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Posted: Nov 11 2011, 06:43 AM
Group: Senior Member
Member No.: 35
Joined: 7-August 08
Fears that Europe's sovereign debt crisis was spiralling out of control have intensified as political chaos in Athens and Rome, and looming recession, created panic on world markets.
Reports emerging from Brussels said that Germany and France had begun preliminary talks on a break-up of the eurozone, amid fears that Italy would be too big to rescue.
Despite Silvio Berlusconi's announcement that he would step down as prime minister once austerity measures were pushed through parliament, a collapse of investor confidence in the eurozone's third-biggest economy sent interest rates in Italy to the levels that triggered bailouts in Portugal, Greece and Ireland.
Italian bond yields surged through the critical 7% mark, at one point hitting 7.5%, amid concern that the deteriorating situation had moved the crisis into a dangerous new phase.
In Athens talks to appoint a prime minister to succeed George Papandreou were in deadlock, and will resume on Thursday morning. The Italian president, Giorgio Napolitano, sought to reassure the markets by promising that Berlusconi would be leaving office soon.
Angela Merkel, the German chancellor, said the situation had become "unpleasant", and called for eurozone members to accelerate plans for closer political integration. "It is time for a breakthrough to a new Europe," she said. "Because the world is changing so much, we must be prepared to answer the challenges. That will mean more Europe, not less Europe."
The president of the European commission, Josť Manuel Barroso, issued a new call for the EU to "unite or face irrelevance" in the face of the mounting economic crisis in Italy. "We are witnessing fundamental changes to the economic and geopolitical order that have convinced me that Europe needs to advance now together or risk fragmentation. Europe must either transform itself or it will decline. We are in a defining moment where we either unite or face irrelevance," he said.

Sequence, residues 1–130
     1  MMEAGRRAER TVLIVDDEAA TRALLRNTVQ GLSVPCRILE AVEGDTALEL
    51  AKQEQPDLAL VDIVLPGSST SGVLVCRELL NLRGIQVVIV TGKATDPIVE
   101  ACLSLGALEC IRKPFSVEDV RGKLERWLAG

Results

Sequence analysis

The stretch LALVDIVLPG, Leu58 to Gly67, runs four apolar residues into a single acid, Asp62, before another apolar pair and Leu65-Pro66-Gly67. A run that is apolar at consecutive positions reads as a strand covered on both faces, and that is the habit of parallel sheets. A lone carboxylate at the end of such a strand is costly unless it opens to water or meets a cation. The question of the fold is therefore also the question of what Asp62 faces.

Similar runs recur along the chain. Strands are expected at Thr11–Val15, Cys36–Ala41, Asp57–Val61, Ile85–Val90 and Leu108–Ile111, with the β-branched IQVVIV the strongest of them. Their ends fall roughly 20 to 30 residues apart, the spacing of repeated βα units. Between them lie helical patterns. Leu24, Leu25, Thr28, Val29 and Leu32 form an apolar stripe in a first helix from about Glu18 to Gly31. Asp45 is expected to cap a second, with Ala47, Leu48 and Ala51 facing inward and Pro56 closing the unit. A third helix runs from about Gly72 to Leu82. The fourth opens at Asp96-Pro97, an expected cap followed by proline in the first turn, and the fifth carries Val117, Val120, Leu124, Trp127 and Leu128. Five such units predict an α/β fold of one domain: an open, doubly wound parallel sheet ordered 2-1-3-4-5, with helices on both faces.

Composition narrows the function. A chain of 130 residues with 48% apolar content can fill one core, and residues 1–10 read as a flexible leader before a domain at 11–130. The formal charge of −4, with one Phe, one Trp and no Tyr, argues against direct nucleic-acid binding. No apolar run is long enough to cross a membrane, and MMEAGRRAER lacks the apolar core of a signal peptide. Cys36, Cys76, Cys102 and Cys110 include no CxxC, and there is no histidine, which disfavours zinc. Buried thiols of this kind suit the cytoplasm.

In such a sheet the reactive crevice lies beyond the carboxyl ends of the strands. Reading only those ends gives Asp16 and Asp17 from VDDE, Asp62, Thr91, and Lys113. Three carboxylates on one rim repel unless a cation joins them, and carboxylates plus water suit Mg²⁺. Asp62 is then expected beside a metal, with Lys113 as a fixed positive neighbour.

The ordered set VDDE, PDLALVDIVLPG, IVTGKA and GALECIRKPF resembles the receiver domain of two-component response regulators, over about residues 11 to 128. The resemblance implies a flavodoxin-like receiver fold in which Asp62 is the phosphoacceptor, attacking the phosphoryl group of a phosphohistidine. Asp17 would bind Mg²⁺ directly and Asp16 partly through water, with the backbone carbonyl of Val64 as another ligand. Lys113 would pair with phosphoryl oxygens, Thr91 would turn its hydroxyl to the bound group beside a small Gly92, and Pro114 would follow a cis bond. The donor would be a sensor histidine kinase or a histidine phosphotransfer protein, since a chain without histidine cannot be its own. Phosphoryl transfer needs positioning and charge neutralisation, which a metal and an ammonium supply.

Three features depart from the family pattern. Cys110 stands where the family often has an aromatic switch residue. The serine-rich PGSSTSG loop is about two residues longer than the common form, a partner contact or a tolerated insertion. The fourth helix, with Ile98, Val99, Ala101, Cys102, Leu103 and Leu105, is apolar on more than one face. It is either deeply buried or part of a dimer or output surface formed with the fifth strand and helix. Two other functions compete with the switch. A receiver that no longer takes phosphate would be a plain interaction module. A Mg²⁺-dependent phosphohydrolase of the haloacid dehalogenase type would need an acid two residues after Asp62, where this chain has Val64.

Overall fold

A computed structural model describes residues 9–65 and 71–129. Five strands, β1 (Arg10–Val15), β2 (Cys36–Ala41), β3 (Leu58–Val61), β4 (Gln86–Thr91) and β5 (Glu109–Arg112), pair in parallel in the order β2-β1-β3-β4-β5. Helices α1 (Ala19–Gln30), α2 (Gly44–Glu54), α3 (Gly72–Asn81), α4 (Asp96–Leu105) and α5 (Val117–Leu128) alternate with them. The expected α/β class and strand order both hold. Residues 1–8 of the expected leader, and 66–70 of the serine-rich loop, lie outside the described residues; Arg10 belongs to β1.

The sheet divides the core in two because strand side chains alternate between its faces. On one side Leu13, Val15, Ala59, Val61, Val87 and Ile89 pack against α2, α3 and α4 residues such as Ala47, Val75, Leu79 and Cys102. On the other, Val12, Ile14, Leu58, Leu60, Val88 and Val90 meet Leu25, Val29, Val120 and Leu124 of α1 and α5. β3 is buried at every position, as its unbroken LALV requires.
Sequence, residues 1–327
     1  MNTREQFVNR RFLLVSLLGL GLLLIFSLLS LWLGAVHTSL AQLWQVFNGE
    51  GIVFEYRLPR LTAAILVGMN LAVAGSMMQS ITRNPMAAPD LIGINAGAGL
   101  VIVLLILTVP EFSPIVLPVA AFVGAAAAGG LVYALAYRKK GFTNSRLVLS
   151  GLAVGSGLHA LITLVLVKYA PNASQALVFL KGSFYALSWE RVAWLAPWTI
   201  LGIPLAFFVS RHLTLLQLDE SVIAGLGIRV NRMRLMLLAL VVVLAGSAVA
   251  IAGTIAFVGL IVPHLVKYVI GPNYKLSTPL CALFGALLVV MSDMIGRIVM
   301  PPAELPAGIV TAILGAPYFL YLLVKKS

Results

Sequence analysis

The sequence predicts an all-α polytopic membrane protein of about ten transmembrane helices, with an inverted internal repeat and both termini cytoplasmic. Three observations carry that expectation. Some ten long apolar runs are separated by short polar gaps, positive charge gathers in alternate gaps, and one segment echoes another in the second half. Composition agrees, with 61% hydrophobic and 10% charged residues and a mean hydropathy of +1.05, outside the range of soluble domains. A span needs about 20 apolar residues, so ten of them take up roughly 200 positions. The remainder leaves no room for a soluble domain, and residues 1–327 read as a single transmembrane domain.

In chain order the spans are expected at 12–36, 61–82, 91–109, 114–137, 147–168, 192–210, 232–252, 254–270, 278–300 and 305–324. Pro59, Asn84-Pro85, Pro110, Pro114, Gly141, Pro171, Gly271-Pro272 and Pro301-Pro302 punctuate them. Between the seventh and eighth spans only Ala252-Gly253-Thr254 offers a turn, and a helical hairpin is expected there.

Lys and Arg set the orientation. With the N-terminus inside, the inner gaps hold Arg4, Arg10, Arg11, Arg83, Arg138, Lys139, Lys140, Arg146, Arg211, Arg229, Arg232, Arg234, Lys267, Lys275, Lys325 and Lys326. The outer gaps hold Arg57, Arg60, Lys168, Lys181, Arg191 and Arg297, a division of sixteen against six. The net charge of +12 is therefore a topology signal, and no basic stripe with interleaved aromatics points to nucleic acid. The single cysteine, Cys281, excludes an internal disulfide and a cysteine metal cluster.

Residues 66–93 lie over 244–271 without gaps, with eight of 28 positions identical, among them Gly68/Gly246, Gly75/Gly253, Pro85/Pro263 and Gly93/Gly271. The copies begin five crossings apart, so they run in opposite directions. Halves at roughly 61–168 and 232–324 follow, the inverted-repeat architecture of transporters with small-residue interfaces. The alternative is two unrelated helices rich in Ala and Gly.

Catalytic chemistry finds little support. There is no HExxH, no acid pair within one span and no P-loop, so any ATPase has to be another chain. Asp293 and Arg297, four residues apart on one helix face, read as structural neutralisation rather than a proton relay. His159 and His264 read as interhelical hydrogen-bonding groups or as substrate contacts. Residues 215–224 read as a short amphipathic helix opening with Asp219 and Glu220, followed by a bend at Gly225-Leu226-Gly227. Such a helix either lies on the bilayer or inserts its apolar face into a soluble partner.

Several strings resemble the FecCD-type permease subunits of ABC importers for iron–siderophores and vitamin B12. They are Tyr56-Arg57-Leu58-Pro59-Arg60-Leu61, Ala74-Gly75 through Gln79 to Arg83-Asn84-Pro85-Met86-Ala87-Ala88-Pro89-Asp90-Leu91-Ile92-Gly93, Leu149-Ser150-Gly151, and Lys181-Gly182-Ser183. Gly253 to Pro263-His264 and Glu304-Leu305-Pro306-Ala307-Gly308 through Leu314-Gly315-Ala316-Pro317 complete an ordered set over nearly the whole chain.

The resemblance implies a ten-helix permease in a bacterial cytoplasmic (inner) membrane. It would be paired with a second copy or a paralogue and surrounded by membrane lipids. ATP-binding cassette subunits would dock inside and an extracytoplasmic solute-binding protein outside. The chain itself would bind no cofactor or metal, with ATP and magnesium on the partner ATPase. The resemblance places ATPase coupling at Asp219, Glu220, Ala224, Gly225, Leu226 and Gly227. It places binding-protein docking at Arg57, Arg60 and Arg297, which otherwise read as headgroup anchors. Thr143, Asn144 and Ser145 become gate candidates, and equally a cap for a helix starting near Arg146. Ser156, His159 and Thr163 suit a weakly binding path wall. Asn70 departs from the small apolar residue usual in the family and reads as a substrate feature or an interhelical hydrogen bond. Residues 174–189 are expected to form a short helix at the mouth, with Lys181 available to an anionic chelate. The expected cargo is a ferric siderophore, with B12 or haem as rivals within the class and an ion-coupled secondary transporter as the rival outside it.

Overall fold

Senior policymakers in Paris, Berlin and Brussels are reported to have discussed the possibility of one or more countries leaving the eurozone, while the remaining core pushes on toward deeper economic integration, including on tax and fiscal policy. "France and Germany have had intense consultations on this issue over the last months, at all levels," a senior EU official in Brussels told Reuters, speaking on condition of anonymity because of the sensitivity of the discussions.
Financial regulators across Europe were last night carefully monitoring the health of their heavily exposed banks, amid concern that the turmoil could lead to a debt default, or even the break-up of the euro.
George Osborne, just three weeks away from delivering his autumn statement on the health of the economy, believes Europe's problems are blighting the UK's growth prospects, but he will use the sell-off of Italian bonds to insist there is no alternative to his austerity plans.
Nick Clegg, the deputy prime minister, spent Wednesday in Brussels urging the council president, Herman Van Rompuy, and a clutch of EU commissioners to focus on growth, and not further treaty changes, warning that if Europe does not become more competitive it will end up in a spiral of perpetual decline. Both he and David Cameron are urging EU integrationists to recognise that EU Treaty changes in the next few months would be a massive distraction and no cure for the underlying economic crisis. He pointed out that they would require referendums in at least four countries.
The latest chapter in the ongoing sovereign debt crisis came as Bank of England policymakers gathered for their monthly two-day interest rate-setting meeting. The monetary policy committee announced £75bn-worth of quantitative easing last month in an effort to prevent a recession.
City analysts believe the renewed turmoil in the eurozone is pointing to a deep recession in Europe. "It's unavoidable that there will be an outright contraction in the fourth quarter of this year, and a 60%-70% chance of another decline in the first quarter of next year," said Nick Parsons, head of strategy at National Australia Bank.
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Posted: Nov 11 2011, 11:25 AM
Member No.: 4
Joined: 5-July 08
yet again greed and too fast growth have shown how uickly plans can come unstuck ... sadely the markets that we in the UK should have stayed with ( Australia / New Zealand ) are now almost closed to us )(cd() )(cd() < politicians who think they are above the law